many times in the year or so that we have deployed up), collect statistics, control bandwidth consump-
Overcast nodes. tion, etc.
The ﬁnal consumers of content from an Overcast Using this system, bulk data can be distributed eﬃ-
network are HTTP clients. The Overcast proto- ciently, even if the network between the appliances
cols are carefully designed so that unmodiﬁed Web and the studio consists of low-bandwidth or inter-
browsers can become members of a multicast group. mittent links. Given the relative prices of disk space
In Overcast, a multicast group is represented as an and network bandwidth, this solution is far less ex-
HTTP URL: the hostname portion names the root pensive than upgrading all network links between
of an Overcast network and the path represents a the studio and every client.
particular group on the network. All groups with
the same root share a single distribution tree.
Using URLs as a namespace for Overcast groups
has three advantages. First, URLs oﬀer a hierar- The previous section described the structure and
chal namespace, addressing the scarcity of multi- properties of the Overcast overlay network. This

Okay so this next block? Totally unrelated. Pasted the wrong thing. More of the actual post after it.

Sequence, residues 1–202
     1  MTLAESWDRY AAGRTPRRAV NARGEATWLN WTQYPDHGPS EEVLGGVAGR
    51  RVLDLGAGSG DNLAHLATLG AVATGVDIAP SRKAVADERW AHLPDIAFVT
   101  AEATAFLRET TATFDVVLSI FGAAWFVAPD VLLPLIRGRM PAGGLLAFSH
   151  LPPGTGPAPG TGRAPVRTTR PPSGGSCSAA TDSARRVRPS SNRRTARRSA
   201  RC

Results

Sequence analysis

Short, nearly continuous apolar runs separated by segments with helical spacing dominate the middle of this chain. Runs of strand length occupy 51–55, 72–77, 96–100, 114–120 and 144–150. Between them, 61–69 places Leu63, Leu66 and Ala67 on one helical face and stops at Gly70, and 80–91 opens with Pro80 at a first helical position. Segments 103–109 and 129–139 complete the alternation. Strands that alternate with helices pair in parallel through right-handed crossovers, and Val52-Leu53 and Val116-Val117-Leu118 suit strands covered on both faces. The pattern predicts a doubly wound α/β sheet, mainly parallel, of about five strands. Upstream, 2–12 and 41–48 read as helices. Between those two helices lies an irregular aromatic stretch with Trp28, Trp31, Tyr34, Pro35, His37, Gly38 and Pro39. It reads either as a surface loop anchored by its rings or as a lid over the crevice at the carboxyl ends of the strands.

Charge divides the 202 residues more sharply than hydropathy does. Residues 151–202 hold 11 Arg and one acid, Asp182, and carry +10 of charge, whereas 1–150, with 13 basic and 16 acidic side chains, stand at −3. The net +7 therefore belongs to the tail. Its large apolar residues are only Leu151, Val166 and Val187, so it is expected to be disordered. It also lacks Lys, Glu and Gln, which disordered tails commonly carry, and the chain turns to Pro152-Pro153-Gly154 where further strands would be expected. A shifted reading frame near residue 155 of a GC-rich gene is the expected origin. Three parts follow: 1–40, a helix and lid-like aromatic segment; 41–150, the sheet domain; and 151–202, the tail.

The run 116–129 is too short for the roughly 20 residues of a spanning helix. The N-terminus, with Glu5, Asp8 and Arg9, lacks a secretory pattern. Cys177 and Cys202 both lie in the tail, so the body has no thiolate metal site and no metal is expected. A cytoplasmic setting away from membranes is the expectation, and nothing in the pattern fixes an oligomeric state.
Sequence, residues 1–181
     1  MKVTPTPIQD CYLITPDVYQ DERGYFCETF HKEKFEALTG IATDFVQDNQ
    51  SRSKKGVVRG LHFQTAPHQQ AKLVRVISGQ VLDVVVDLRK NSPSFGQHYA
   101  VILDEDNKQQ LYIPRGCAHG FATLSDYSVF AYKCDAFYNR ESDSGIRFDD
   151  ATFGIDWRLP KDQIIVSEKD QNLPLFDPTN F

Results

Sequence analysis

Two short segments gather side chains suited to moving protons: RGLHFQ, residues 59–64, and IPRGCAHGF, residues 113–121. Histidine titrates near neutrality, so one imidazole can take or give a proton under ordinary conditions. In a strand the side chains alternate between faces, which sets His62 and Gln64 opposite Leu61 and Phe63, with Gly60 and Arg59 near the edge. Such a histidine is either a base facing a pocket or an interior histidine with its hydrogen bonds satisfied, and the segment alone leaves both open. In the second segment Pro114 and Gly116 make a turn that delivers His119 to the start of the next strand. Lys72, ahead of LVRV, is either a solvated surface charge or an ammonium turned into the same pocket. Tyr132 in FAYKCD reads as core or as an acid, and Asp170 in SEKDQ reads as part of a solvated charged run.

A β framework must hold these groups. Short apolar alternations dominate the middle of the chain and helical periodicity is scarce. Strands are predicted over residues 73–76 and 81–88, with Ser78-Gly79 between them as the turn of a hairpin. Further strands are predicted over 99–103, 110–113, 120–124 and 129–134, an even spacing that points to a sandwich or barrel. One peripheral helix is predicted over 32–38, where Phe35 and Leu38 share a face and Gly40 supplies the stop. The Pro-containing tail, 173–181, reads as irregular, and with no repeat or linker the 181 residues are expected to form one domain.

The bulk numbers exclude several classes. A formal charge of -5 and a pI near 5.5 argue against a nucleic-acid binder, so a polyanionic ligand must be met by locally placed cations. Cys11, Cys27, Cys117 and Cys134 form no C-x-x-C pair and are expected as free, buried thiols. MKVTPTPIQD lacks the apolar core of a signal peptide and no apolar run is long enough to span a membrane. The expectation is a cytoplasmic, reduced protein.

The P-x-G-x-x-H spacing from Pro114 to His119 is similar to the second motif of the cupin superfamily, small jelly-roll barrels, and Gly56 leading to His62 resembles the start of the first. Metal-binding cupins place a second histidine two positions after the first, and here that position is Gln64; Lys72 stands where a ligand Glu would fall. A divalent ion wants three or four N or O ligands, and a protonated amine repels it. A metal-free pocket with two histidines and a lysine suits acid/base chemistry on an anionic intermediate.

cast group names in traditional IP Multicast. Sec- section describes how it functions: the initializa-
ond, URLs and the means to access them are an tion of individual nodes, the construction of the
existing standard. By delivering data over a simple distribution hierarchy, and the automatic mainte-
HTTP connection, Overcast is able to bring multi- nance of the network. In particular, we describe
casting to unmodiﬁed applications. Third, a URL’s the “tree” protocol to build distribution trees and
richer structure allows for simple expression of the the “up/down” protocol to maintain the global state
increased power of Overcast over tradition multi- of the Overcast network eﬃciently. We close by de-
cast. For example, a group suﬃx of start=10s may scribing how clients (web browsers) join a group and
be deﬁned to mean “begin the content stream 10 how reliable multicasting to clients is performed.
seconds from the beginning.”
3.5 Example usage
When a node is ﬁrst plugged in or moved to a new
We have used Overcast to build a content- location it automatically initializes itself and con-
distribution application for high-quality video and tacts the appropriate Overcast root(s). The ﬁrst
live streams. The application is built out of a pub- step in the initialization process is to determine an
lishing station (called a studio) and nodes (called IP address and gateway address that the node can